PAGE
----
It is difficult to travel through Norway and not recognize that the country has been shaped by glaciers. The steep cliffs and uneven coastline quickly signal that this place did not geologically form quite in the same way or at the same time as the larger part of Europe or North America. However, it was not until arriving by boat into area cleared by a glacier within the last 100 years that I truly understood how this intense natural process works. The glacier scrapes away earth and bedrock, leaving a series of vast, uneven masses.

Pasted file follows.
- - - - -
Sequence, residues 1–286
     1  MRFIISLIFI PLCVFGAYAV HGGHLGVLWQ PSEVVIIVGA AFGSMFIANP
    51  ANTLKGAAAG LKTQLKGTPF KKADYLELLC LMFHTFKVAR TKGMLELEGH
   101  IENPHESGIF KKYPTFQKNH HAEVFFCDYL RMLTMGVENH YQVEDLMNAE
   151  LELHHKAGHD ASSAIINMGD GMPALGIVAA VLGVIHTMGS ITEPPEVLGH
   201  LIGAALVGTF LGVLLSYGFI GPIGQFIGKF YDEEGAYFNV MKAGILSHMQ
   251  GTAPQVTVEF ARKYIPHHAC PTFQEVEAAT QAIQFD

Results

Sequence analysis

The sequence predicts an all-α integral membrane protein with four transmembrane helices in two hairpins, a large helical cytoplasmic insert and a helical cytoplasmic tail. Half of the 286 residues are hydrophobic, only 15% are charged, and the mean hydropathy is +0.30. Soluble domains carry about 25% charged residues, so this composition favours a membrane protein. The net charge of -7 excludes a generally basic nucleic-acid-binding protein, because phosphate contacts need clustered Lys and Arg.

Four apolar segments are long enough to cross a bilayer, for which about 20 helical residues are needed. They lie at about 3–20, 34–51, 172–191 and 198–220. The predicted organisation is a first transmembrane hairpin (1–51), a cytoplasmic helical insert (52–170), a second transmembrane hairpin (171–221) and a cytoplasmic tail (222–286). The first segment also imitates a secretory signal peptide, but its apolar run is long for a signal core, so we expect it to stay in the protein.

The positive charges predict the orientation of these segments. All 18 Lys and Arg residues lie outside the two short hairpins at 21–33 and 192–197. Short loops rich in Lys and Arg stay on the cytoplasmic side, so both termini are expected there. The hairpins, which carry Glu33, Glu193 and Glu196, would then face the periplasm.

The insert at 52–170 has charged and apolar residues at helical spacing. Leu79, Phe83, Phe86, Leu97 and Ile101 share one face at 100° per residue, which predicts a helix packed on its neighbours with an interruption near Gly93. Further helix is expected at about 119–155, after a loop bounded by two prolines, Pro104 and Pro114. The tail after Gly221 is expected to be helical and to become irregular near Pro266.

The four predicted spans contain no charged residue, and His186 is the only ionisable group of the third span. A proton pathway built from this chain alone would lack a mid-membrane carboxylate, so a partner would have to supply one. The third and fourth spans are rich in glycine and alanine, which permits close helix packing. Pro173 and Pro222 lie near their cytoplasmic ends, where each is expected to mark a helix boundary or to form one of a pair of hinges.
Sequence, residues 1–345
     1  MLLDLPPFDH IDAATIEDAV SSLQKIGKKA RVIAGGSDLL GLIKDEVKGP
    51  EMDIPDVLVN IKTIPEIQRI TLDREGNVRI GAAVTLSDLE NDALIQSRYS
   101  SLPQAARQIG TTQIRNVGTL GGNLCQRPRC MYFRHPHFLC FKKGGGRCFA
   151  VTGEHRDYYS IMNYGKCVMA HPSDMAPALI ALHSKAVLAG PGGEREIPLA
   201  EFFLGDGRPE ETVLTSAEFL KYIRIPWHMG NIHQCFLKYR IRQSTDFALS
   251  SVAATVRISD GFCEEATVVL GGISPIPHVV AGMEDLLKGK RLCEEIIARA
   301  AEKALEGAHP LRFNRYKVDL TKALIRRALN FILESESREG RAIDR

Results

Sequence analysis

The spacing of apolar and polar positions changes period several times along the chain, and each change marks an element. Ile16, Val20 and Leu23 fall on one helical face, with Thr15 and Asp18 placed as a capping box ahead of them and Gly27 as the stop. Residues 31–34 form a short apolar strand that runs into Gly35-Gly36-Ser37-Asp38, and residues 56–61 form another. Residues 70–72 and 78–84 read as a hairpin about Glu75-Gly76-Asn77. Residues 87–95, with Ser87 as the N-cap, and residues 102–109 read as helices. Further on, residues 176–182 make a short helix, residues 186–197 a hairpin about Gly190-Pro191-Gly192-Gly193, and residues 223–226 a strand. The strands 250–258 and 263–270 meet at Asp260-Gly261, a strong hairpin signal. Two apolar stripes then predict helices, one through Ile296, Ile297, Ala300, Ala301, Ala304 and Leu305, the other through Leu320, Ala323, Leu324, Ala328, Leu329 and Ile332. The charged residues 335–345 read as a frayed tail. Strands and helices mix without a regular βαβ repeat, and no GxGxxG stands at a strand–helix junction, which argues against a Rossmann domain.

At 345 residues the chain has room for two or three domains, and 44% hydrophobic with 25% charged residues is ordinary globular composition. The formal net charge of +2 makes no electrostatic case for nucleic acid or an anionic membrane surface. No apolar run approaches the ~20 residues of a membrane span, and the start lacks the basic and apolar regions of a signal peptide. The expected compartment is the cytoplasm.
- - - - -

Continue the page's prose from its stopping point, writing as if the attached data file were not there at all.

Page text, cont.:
Scale - there is a 6'-2" Norwegian in the photo above.
Given time after the glacier passes, water runs over the newly exposed rock surfaces, smoothing and eroding areas forming puddles, streams, and pools. Sediment turns into soil and slowly birds and insects return and the wind carries seeds which develops vegetation.
Given enough time, soil and vegetation cumulate and become the more typical landscape that Norway is noted for.
Oh, and before I forget.. Here is that little glacier arm that has caused (and continues) all of this-